02 May 22

Innovative use cases for unattended payment in Austria


What if your bank card also becomes your ID? Austria has been leading the way with innovative self-service solutions, solving a variety of challenges for the consumer...

The dramatic change in consumer purchasing habits over the last two years has required businesses to adapt at pace and provide a quick and convenient digital shopping experience.

Until recently heavily reliant on cash, Austria has experienced a remarkable transformation in digital payment acceptance, including contactless usage. In June 2019, the country’s adoption stood at 40%. Fast forward to today and more than three quarters of cashless transactions are now contactless[1 ].

One of the key outcomes of this shift has been the innovative use of unattended payment terminals. Contactless is gaining traction in Austria, with over 10,000 vending machines providing acceptance for debit, credit, and mobile phone payments, driven by opportunities in the office, community buildings, retail stores and restaurants. Indeed, there is a growing demand for ‘intelligent’ vending machines that enhance the user experience[2 ].

The country’s self-service industry sells 2.85 million food and drink items every day and employs almost 2000 people. And there is still room for growth. In fact, the European Vending Association Market Report [3 ] on the vending and Office, Coffee, Service (OCS) sector confirms there is one vending machine for every 70 people in Austria compared with the European average of just 180.

In addition to its wide use of unattended payment solutions, Austria provides a fascinating insight into new ways of utilising the technology. Here are several examples illustrating how it is being used to benefit the end user.

  • 1https://www.nets.eu/Media-and-press/news/Pages/DACH-region-reaches-tipping-point-for-contactless-payments.aspx
  • 2footnote 2
  • 3footnote 3

Using payment authorisation for age verification

Early in the pandemic, Austria saw a decline in vending use as Covid-19 restrictions reduced footfall in normally busy public spaces and the local population exercised a more cautious approach. One area to buck this trend, however, was tobacco vending, as consumers sought an alternative to visiting tobacco specialists and reduce social contact when making a purchase. This example illustrates one of the most innovative applications of contactless technology in an unattended setting, through age verification. Using the same links to the bank needed for payment authorisation, a quick check against the card holder’s bank details can confirm that they are 18 or over and legally permitted to make the purchase. Tapping the card verifies the age of the customer with the authentication system confirming the user is an adult. If underage, the transaction will not proceed.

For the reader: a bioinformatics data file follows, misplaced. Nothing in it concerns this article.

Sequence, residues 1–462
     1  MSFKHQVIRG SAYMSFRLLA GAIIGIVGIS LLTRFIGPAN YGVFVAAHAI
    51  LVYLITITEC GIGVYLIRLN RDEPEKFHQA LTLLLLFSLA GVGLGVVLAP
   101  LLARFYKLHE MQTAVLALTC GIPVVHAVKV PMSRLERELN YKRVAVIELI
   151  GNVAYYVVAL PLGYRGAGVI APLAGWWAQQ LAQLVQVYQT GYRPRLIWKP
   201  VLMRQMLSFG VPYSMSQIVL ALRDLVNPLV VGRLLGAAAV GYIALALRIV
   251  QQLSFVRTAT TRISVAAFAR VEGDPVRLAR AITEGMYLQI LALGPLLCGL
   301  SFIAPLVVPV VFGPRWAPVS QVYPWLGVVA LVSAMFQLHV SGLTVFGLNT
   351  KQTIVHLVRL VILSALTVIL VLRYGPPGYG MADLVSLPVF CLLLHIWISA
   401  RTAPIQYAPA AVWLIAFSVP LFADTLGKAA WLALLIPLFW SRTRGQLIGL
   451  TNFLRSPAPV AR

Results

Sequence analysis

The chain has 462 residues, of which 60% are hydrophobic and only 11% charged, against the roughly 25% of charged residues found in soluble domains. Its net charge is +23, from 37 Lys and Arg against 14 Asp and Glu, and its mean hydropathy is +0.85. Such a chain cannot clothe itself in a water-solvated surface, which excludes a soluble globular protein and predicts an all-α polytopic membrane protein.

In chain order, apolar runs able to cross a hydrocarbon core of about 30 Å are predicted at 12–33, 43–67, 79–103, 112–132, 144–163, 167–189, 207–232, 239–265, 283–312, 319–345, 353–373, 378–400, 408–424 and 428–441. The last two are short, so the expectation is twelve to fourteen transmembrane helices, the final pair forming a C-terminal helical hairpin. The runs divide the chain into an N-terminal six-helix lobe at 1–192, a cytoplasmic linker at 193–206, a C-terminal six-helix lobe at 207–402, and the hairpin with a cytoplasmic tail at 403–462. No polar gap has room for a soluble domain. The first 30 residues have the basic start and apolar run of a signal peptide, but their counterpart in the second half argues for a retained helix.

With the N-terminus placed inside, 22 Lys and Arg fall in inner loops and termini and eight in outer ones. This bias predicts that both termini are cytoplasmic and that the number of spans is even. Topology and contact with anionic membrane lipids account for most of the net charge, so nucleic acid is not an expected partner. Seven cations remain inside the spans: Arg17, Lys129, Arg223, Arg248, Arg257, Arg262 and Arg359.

These tobacco vending machines are only available in public areas and their main attraction is the use of age confirmation and contactless payment, displayed as ‘payment approved’ on the terminal screen. Customers can pay with cash if desired but will still have to tap their card on the reader for age checks.

The use of age verification has potential applications in other vending sales, such as alcohol, health products and even legal CBD (cannabis). Operators and consumers like the system because it is anonymous and secure. It also solves the problem of using ID cards which cannot be read by payment terminals and require a separate reader.


Cleaning up the problem of theft

Unattended payment is a great way to problem solve, not just from a hygiene perspective, but in societal settings as well.

Social accommodation in Austria, and increasingly student accommodation, does not usually include washing and drying facilities within each individual flat. Instead, residents use shared laundry facilities in the basement.

However, this can lead to problems with vandalism and theft, resulting in laundry machines being broken into, and cash being taken, rendering the machines unusable. This not only creates difficulties for the provider of the service, but also impacts those residents wishing to use the facility.


To solve this, Ingenico has worked with a local partner to introduce a closed loop model in a tamper proof device known as ‘The Cube’ which houses the Self/2000 payment terminal. This allows the user to select the laundry machine to be used and settle the fee with the simple tap of a card.

The main driver here is the removal of the opportunity to commit theft and it has been well received by residents who have recognised that cashless systems utilising contactless are secure and safe to use. Such is its success; the technology is being tested in other settings. The Cube is currently being incorporated in car washes because of its robust nature, ensuring that no humidity or water goes into the device.


Jürgen Göbel

Business Development Director

Jürgen Göbel has worked in the card payment industry for over 25 years. Since joining Ingenico in 2015, Jürgen has been responsible for Business Development and Product Marketing in the DACH region and is a Board member of the German Payment System Initiative, IDZ Berlin. He is also a member of the Executive Committee of the European Vending Association (EVA) in Brussels.

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